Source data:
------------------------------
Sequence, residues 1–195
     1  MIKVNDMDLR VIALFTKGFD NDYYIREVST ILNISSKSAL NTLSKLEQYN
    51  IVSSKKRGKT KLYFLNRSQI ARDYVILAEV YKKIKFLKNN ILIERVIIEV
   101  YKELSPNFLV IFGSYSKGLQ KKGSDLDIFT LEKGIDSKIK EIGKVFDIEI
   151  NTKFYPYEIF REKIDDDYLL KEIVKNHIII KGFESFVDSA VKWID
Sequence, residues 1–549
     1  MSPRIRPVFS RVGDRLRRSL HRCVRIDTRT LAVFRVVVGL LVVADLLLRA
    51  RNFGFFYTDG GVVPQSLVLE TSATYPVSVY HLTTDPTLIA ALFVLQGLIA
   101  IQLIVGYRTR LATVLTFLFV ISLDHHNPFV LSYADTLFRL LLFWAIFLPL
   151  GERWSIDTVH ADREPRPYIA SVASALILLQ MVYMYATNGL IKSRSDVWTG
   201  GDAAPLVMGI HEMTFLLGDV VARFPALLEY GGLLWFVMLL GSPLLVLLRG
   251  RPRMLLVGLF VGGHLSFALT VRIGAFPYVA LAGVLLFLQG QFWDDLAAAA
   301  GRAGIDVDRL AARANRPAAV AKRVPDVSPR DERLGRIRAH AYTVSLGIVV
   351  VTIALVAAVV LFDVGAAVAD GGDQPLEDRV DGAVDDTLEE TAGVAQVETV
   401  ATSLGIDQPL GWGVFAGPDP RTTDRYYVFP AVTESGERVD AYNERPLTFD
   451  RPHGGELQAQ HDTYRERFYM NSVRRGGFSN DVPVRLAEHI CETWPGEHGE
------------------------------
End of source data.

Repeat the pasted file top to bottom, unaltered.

Sequence, residues 1–195
     1  MIKVNDMDLR VIALFTKGFD NDYYIREVST ILNISSKSAL NTLSKLEQYN
    51  IVSSKKRGKT KLYFLNRSQI ARDYVILAEV YKKIKFLKNN ILIERVIIEV
   101  YKELSPNFLV IFGSYSKGLQ KKGSDLDIFT LEKGIDSKIK EIGKVFDIEI
   151  NTKFYPYEIF REKIDDDYLL KEIVKNHIII KGFESFVDSA VKWID
Sequence, residues 1–549
     1  MSPRIRPVFS RVGDRLRRSL HRCVRIDTRT LAVFRVVVGL LVVADLLLRA
    51  RNFGFFYTDG GVVPQSLVLE TSATYPVSVY HLTTDPTLIA ALFVLQGLIA
   101  IQLIVGYRTR LATVLTFLFV ISLDHHNPFV LSYADTLFRL LLFWAIFLPL
   151  GERWSIDTVH ADREPRPYIA SVASALILLQ MVYMYATNGL IKSRSDVWTG
   201  GDAAPLVMGI HEMTFLLGDV VARFPALLEY GGLLWFVMLL GSPLLVLLRG
   251  RPRMLLVGLF VGGHLSFALT VRIGAFPYVA LAGVLLFLQG QFWDDLAAAA
   301  GRAGIDVDRL AARANRPAAV AKRVPDVSPR DERLGRIRAH AYTVSLGIVV
   351  VTIALVAAVV LFDVGAAVAD GGDQPLEDRV DGAVDDTLEE TAGVAQVETV
   401  ATSLGIDQPL GWGVFAGPDP RTTDRYYVFP AVTESGERVD AYNERPLTFD
   451  RPHGGELQAQ HDTYRERFYM NSVRRGGFSN DVPVRLAEHI CETWPGEHGE